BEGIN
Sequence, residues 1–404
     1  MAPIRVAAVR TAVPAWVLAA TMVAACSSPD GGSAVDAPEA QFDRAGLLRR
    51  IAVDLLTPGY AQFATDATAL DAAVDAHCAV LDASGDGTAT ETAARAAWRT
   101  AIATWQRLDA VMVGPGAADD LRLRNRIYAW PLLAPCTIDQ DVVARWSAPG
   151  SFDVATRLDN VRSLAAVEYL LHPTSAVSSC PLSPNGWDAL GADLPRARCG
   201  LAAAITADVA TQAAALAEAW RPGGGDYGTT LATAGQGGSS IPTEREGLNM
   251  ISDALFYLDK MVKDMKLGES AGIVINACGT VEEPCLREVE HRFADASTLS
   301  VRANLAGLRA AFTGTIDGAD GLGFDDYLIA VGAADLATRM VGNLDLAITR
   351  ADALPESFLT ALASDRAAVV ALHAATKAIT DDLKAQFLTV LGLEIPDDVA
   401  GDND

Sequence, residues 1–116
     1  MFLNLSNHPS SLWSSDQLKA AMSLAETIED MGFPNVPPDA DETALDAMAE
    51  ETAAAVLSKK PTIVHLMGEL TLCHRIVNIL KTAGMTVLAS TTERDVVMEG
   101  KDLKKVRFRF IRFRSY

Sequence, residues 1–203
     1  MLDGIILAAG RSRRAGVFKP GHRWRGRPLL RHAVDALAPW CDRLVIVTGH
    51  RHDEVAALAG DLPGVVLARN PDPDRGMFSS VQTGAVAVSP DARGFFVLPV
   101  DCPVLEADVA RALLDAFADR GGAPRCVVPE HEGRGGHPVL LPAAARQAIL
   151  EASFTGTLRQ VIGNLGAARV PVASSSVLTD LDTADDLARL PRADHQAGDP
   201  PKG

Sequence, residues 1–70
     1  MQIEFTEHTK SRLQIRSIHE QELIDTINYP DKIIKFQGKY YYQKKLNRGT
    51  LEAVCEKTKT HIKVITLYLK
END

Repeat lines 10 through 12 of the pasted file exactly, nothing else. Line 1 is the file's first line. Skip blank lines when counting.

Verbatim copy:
   401  GDND

Sequence, residues 1–116
     1  MFLNLSNHPS SLWSSDQLKA AMSLAETIED MGFPNVPPDA DETALDAMAE